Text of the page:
Meanwhile, on the other side of the Capitol, the House moved through legislation sent over by the Senate. Some bills received considerable debate, while others were breezed through. However, proceedings in the House were not always smooth sailing. As the Speaker of the House offered an amendment on the circuit breaker legislation in an attempt to move Medicaid recipients to a 21-point system, a representative lashed out screaming across the chamber at the Speaker, “How dare you! The Senate is dysfunctional and you are harming the neediest and most vulnerable Missourians.”
There has been a lot of conjecture about the dysfunctionality of the Senate, and at times the House, this session. Yet I believe hindsight will show it was not only a historic year in regards to the vitriol among legislators, but also in regard to the weight of the issues that actually passed. Issues that have been bottled up by filibusters and a democratic governor were passed early on in the legislative session. Labor issues such as right-to-work, paycheck protection and tort reform bills; which included time limited demands, collateral source rule and others; all made it across the finish line. Many have argued that the combination of the labor bills passed will make Missouri a panacea for large corporations, leading to increased jobs and a more prosperous economy. Additionally, the tort bills and the adoption of the Daubert standard are purported to alleviate Missouri from being labeled, as the governor has said, “a judicial hell-hole.” Unions and trial attorneys took a beating this year, and will likely spend years attempting to undo or chisel away at the issues passed. Only time will tell whether the job creating, economy boosting, judicial reforming acts passed this session will indeed have the desired effects.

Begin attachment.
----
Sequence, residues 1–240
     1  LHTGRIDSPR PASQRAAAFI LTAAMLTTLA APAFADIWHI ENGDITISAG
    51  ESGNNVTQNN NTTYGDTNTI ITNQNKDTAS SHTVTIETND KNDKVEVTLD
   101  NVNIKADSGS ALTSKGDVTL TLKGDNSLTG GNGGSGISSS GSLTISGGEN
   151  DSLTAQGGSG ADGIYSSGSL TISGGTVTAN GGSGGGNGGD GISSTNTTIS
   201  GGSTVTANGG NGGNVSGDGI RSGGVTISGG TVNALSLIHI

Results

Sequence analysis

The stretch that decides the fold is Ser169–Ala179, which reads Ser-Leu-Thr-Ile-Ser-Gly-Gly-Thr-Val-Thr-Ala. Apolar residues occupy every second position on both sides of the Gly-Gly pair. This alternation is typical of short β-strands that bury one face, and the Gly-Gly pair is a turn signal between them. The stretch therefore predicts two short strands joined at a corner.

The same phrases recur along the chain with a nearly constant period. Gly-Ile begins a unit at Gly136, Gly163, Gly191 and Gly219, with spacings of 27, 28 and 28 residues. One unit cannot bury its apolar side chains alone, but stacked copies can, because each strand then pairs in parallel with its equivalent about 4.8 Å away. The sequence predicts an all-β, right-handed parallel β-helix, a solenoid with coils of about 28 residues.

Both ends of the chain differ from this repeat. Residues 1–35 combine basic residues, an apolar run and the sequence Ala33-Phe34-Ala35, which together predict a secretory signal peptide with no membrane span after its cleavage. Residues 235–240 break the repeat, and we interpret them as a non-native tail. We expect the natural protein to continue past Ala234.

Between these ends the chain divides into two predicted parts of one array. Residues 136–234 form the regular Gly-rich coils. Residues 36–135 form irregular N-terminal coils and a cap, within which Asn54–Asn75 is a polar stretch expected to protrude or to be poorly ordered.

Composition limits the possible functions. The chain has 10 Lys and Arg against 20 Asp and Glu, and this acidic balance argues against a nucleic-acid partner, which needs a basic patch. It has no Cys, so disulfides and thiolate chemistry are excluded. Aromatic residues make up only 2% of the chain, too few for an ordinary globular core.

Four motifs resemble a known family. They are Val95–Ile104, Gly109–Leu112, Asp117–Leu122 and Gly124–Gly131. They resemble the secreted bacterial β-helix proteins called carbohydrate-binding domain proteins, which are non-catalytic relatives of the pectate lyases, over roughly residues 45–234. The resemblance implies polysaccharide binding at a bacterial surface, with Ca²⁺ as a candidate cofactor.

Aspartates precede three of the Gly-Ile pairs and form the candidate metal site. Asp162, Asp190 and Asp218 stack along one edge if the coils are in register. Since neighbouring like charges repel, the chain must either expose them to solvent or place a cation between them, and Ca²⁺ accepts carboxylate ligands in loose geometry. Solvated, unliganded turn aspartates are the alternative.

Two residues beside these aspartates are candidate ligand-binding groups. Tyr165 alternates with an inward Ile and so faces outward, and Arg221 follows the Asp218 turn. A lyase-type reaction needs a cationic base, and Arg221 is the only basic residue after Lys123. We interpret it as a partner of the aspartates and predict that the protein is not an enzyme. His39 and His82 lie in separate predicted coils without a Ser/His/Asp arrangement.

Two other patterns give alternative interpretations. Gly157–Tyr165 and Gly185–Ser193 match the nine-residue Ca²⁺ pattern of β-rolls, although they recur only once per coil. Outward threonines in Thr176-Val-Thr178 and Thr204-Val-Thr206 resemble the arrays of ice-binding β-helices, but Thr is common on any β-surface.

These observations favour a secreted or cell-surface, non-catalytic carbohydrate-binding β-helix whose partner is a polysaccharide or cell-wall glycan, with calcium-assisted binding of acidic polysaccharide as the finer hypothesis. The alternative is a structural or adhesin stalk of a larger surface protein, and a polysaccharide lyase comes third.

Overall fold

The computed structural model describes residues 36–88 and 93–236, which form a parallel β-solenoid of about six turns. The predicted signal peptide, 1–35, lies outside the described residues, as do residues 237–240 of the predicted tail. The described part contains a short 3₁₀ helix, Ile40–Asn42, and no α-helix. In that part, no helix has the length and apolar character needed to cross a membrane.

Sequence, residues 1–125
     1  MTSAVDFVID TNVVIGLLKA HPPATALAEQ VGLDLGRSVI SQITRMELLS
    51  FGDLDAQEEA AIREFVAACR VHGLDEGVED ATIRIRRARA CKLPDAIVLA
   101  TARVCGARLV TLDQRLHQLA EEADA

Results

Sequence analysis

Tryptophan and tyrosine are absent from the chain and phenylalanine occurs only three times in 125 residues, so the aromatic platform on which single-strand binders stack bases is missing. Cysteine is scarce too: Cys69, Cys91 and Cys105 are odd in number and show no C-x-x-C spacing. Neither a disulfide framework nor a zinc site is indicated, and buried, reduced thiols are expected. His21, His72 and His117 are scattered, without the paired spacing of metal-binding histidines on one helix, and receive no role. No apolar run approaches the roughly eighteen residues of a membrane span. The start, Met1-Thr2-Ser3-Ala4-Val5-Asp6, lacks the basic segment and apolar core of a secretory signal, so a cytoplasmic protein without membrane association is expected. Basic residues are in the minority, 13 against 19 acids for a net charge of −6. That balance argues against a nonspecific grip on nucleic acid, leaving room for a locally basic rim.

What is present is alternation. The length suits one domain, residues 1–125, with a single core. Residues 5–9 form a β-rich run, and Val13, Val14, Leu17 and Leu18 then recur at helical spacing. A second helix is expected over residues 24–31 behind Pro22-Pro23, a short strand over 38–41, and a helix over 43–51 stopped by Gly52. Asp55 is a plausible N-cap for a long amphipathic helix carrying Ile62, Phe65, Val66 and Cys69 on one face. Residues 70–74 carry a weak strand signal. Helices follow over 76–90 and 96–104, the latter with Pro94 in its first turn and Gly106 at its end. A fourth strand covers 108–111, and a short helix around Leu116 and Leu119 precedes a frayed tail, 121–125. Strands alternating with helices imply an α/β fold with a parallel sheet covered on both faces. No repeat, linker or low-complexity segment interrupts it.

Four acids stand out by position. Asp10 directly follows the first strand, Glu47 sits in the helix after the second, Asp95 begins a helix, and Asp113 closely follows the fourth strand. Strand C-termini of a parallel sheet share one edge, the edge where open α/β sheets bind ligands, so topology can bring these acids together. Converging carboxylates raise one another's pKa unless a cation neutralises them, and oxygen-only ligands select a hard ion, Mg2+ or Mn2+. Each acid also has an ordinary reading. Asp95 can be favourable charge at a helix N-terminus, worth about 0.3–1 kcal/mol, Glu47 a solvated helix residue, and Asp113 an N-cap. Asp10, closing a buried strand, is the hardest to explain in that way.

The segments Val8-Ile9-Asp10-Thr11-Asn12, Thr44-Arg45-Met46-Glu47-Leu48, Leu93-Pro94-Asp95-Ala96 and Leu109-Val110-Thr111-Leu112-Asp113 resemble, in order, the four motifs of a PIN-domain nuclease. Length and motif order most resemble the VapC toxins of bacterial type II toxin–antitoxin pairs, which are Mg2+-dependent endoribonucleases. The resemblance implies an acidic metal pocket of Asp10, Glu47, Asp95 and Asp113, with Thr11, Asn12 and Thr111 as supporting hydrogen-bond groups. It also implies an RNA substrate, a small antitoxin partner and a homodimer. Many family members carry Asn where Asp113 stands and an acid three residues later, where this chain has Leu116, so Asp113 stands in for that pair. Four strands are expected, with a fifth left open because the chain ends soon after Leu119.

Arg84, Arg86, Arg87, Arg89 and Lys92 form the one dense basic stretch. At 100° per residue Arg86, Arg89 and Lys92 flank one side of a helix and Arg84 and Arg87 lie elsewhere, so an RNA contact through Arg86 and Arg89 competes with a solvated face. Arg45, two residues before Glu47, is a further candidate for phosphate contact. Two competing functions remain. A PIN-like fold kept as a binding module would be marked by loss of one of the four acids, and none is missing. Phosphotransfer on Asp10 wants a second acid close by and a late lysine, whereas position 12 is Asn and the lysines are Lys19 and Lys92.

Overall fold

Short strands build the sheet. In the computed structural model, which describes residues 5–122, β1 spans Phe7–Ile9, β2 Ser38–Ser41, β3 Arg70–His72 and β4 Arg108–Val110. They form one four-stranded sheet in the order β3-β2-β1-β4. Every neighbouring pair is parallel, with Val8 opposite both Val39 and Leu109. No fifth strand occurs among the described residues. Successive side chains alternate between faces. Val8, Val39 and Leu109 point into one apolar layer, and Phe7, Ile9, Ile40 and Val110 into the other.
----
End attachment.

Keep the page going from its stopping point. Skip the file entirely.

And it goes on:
In the budget, Medicaid reimbursement rates were decreased, but not as much as expected. The renters portion of the senior citizen property tax credit was nixed. In its place there will be a sweeping of funds from various portions of the budget that had existing balances. The elementary and secondary education foundation formula was fully funded for the first time since its inception. Higher education did not end up taking the 30% cut initially proposed by the governor, but rather ended up with an approximately 6.5 percent decrease to their core.
On Thursday, Governor Greitens released his recommendations for the FY 2018 budget that included more than $572 million in spending reductions from last fiscal year. His budget is based of a 3.8% consensus revenue estimate.